Summarising the results of germination assays by using germination indices is still a very widespread practice. Several indices exist, which have been throughly reviewed by Ranal and Santana (2006). In an early series of two papers, Brown and Meyer stated that no single index can unambiguously combine the three main features of seed germination (i.e. uniformity, speed and extent) in one single value. Therefore, they concluded that the best approach to data analyses is to use the observed germination data to fit a germination curve, which can be used to describe the whole time-course of germination. If a close fit is obtained, the germination curve can be summarised by using a few derived coefficients.

The above authors suggest the use of non-linear regression, which has become a rather widespread method in literature to derive germination indices from germination curves. Recently, such an approach has been also implemented in the R package ‘germinationmetrics’ (Aravind et al., 2018). We concur with the curve-fitting suggestion, although we argue that non-linear regression is not the correct fitting method, as shown in previous papers by several authors, including ourselves (Hay et al., 2014; Hunter et al., 1984; McNair et al., 2012; Onofri et al., 2018, 2010, 2011, 2014; Ritz et al., 2013; Scott et al., 1984).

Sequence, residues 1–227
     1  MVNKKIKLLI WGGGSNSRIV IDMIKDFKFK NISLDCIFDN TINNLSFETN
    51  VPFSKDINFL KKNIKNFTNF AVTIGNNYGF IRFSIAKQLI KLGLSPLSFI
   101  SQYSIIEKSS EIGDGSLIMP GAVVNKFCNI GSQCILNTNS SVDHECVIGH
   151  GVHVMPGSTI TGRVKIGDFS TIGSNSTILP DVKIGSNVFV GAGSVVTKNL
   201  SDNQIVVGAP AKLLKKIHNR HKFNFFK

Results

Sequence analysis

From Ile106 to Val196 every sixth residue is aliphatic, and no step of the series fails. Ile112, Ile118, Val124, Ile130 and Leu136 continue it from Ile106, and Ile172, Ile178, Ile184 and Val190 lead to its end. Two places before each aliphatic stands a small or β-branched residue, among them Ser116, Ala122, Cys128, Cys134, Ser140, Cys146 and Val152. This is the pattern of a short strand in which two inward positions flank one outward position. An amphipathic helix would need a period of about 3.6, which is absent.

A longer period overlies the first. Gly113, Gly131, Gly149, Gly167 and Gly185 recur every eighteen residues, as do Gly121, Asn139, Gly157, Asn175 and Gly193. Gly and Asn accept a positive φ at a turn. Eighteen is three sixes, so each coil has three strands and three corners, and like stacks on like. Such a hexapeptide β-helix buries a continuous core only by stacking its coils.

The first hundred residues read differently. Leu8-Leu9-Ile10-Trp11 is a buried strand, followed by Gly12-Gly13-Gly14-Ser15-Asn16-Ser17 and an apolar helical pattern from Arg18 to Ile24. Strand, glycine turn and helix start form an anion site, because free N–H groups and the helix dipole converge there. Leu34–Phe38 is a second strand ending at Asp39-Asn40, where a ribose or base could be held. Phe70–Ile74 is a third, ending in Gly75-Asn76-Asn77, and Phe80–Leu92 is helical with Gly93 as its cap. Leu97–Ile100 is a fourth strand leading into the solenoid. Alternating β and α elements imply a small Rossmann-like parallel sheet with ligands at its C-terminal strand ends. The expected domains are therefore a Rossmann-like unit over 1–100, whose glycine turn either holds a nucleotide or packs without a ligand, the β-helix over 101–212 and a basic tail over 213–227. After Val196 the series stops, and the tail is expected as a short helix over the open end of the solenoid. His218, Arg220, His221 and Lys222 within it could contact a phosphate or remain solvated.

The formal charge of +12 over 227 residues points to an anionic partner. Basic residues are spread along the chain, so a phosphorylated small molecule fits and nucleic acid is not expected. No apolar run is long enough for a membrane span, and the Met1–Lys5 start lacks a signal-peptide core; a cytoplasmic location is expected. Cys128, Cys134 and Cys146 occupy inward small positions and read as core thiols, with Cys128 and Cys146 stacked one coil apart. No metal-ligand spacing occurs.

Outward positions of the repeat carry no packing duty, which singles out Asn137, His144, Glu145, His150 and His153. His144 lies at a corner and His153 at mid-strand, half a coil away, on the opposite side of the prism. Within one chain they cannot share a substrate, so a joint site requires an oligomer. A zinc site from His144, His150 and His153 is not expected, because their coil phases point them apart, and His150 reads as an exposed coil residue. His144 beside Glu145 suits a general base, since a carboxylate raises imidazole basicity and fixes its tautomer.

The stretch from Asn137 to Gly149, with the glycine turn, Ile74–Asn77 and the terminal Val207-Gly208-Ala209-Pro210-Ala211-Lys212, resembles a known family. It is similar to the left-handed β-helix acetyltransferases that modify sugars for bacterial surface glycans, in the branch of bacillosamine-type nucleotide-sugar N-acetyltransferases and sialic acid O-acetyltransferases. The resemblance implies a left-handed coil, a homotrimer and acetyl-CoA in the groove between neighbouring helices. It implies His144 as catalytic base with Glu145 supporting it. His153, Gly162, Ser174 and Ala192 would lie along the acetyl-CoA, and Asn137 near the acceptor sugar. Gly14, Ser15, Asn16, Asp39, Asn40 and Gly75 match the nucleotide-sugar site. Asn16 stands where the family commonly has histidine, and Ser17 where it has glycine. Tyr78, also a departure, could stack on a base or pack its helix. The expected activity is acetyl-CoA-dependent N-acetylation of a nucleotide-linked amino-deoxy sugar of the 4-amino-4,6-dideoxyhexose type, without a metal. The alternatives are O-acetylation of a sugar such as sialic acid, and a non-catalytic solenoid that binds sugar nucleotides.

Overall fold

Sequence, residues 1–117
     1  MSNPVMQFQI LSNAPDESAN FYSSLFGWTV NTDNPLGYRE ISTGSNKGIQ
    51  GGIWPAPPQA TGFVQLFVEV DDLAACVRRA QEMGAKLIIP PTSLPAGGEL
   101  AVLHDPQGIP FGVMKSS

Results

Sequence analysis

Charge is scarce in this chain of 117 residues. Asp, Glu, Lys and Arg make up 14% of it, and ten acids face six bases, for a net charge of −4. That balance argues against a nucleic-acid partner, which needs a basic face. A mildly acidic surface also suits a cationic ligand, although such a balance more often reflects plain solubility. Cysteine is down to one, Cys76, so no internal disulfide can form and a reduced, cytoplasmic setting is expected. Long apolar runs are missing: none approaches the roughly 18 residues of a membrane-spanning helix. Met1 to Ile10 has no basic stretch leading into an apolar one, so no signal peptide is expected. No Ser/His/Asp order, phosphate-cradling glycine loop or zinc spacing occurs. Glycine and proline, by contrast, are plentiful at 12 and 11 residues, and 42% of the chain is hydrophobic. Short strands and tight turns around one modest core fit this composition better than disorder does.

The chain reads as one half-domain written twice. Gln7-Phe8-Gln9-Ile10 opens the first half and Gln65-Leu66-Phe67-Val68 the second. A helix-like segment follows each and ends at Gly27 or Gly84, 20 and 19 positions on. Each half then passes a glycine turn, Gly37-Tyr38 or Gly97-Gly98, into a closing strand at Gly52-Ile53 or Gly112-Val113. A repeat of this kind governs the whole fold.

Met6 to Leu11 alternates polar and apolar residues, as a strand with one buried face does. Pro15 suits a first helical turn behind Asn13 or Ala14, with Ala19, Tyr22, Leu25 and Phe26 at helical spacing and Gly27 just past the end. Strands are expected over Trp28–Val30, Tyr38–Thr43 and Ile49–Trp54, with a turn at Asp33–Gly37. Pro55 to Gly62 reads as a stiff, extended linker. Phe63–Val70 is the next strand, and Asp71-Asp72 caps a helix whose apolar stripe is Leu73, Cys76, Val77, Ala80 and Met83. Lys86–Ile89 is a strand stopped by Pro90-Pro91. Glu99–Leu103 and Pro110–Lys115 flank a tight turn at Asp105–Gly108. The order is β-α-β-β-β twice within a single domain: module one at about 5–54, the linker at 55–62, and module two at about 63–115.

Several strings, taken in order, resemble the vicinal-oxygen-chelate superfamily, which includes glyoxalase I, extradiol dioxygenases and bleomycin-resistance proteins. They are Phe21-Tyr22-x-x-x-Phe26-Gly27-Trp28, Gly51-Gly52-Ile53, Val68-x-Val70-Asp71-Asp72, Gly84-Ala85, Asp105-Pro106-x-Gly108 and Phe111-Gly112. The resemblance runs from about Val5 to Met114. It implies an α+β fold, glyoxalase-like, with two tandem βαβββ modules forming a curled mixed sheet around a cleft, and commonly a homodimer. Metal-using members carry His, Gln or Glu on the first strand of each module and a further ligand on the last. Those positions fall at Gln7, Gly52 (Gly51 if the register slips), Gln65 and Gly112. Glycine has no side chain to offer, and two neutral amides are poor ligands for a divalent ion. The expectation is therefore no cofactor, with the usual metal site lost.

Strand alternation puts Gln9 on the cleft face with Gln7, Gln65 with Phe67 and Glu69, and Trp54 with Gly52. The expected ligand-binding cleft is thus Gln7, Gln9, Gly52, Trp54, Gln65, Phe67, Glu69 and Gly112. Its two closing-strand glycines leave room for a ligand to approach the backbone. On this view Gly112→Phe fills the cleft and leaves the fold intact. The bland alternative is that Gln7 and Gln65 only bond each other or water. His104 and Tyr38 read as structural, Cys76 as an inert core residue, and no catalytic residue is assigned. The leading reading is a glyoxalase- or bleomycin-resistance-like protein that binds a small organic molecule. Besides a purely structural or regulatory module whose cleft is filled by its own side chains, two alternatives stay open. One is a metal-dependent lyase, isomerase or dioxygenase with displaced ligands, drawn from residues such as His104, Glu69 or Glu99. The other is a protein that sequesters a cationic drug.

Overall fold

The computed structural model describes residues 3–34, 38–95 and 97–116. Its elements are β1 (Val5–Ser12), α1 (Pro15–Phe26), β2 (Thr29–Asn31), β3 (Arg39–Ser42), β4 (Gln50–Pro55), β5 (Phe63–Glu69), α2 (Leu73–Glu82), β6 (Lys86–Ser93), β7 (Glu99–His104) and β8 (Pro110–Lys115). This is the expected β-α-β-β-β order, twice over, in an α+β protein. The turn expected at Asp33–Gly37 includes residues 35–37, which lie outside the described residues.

The aim of this work was to consistently reassess the calculation of germination indices within the time-to-event modelling platform, which has already proven useful to account for all peculiarities of seed germination data (including censoring), resulting in reliable estimates of parameters and standard errors. We have also implemented the proposed approach within an user-friendly R package, to make it largely available among seed scientists.

#The example